May 26, 2016

Thoughts, after fifty years on this earth.




Forty four years ago I decided I would become a writer, because I wanted somehow to bring about resolution to conflicts that I witnessed people experiencing in their lives. That was my second choice, actually, my first was to become God, but I quickly realized that if I could think of that at age six (I wasn’t terribly concerned with actually how I would become God) then adults, infinitely smarter than myself and higher up on the pecking order, could do so and would be given preference.
But stories could be manipulated, changed, and so I vaguely envisioned rewriting people’s lives and conflicts and that they would then be able to see that things could be done differently and the outcome would be a more positive one.

I wrote all the time, nearly every day, or simply made up stories and told them to people, sometimes placing myself in the narrative. These stories are not to be confused with ‘lies’, ‘fibs’, ‘fantastical concoctions’ or ‘wild tales’, though I was not infrequently admonished that this is exactly what they were and that I should, ‘stop living in a fantasy world’. I was not deterred, my intentions were pure.
In adulthood, I discovered a connection to certain aspects of people’s narratives by being able to intuitively say the right thing to a person at the right time. These rare encounters were to have a crucial influence on peoples lives, in essence allowing them insight which led them to an alternate future. That realization came roughly at the same time that I decided to (temporarily) abandon writing, a decision that held sway for over fifteen years.



The very first thing I wrote after this period was a poem memorializing my mother-in-law, of whom I was very fond and successfully helped treat for pain and discomfort after she was diagnosed with renal cell carcinoma. Years previously, waking one morning with an epiphany, I chose the profession of physical therapist and based my practice exclusively on visiting patients in-home. I seemed to gravitate naturally towards treatments and strategies of pain management. This calling is now ongoing for more than 26 years.
In 1998 a force majeure entered my life when my son Segev was born with a life-limiting condition and extreme disabilities that made him wholly dependent on round the clock care by his loved ones. For eighteen years we have struggled mightily to allow him the opportunity to live, to allow the meaning he brings to our existence to unfold. Countless times he has been close to death, pulled back from the brink; either by the brazen sheer strength that his tiny paraplegic body somehow magically contains, or by the will and determination of his family to find solutions that give both longevity and quality of life.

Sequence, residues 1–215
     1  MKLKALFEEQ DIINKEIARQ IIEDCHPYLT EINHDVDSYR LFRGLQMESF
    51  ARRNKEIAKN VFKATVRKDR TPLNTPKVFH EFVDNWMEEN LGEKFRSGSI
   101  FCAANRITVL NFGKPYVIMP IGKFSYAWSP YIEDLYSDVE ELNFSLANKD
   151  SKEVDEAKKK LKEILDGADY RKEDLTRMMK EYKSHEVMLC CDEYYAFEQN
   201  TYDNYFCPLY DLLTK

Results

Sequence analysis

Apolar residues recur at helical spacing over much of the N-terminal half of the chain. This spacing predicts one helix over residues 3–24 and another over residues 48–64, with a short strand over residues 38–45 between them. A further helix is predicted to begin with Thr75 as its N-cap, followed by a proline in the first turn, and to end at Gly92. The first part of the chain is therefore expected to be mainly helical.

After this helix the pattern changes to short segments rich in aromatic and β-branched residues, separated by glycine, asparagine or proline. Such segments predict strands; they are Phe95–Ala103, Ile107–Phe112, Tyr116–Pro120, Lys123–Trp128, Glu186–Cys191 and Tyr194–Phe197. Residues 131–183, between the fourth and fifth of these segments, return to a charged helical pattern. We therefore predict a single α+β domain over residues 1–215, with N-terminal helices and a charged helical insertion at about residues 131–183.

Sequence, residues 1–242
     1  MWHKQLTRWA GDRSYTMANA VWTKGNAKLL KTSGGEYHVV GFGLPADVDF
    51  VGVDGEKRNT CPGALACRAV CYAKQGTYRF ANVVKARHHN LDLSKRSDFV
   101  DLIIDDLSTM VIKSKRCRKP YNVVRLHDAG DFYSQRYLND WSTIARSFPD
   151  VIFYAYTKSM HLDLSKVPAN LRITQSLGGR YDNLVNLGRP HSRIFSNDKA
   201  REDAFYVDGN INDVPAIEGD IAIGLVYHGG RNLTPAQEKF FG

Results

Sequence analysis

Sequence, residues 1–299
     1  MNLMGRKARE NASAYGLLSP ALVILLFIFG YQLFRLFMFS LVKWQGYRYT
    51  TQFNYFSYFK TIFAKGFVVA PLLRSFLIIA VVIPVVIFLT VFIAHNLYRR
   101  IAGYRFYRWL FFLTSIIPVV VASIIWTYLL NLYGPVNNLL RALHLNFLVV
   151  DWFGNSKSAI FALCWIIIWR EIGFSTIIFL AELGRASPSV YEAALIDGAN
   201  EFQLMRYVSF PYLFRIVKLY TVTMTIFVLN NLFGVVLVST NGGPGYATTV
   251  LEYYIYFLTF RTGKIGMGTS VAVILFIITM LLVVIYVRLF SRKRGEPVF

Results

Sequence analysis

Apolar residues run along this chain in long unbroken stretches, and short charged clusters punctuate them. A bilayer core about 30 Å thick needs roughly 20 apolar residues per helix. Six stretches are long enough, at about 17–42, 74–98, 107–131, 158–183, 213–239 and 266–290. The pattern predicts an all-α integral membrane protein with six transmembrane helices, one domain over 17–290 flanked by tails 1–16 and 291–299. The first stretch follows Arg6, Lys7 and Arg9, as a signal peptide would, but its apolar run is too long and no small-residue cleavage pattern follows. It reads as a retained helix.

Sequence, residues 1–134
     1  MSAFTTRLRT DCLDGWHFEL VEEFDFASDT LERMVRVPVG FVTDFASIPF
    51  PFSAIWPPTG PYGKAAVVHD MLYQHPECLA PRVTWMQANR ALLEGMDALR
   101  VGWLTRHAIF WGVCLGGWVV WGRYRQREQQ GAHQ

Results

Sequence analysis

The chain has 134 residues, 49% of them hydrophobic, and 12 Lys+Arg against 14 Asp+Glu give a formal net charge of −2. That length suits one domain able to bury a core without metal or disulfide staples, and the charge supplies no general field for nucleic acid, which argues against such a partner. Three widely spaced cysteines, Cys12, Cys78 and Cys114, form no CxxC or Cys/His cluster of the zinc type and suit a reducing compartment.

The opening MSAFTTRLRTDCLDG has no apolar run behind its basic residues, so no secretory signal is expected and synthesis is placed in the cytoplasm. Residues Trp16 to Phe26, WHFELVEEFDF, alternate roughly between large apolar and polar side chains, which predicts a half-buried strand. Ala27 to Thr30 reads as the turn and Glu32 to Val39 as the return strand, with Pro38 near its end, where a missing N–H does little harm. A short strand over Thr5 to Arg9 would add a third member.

In the last few weeks Segev’s weakened, poorly functioning body, was struck down by a viral pneumonia that brought him to within hours of death. But he made a partial recovery that has allowed him to hobble along with a small portion of his lungs still functioning. Unfortunately a neurological downturn began developing concurrently, exacerbating the horrendous seizures which have plagued him daily since birth. For nearly a week now my son has been in a medically induced coma (not unlike the natural comas he has faded into too often) and the situation doesn’t look good.

But, I don’t have a plan. I never do. Remember that thing where you say the right thing at the right time? Intuition? It hasn’t failed me yet, but that doesn’t mean it always appears when you want it to. It just doesn’t seem to work that way. And it took me decades, decades, to interpret the things I was seeing or feeling, so that I could make decisions with confidence. After 18 years of caring for my son, a toll has been exacted, a levy imposed on my mind and body which has shaken that confidence. Depression, singularly the result of continued exhaustion from chronic sleep deprivation, acts to further dip one in the murkiness of doubt.



The one thing that now preoccupies us, on an hourly basis, is what is best for my son. What would he want, is an impossible question since he has never been able to express anything but either joy or discomfort. So we have to find an answer within the confines of those experiences. For myself I have always known that if his smile disappears, I will not be able to maintain that grinding pertinacity that seeks goals, if all that it will lead to is oblivion. The only goal which remains is to do our best to make him comfortable, that is obvious, if no easy task, not in the least because we are beyond tired both mentally and physically, stressed to breaking point. Financial pressure mounts as I am unable to work.

The thing that isn’t so obvious though is that during the course of the discussions of late with his mother and siblings how questions of our own ‘comfort’ perniciously creeps into that equation.  Not actual comfort, much more what and how much can we do that still bears resemblance to a path of dignity for our beloved Segev.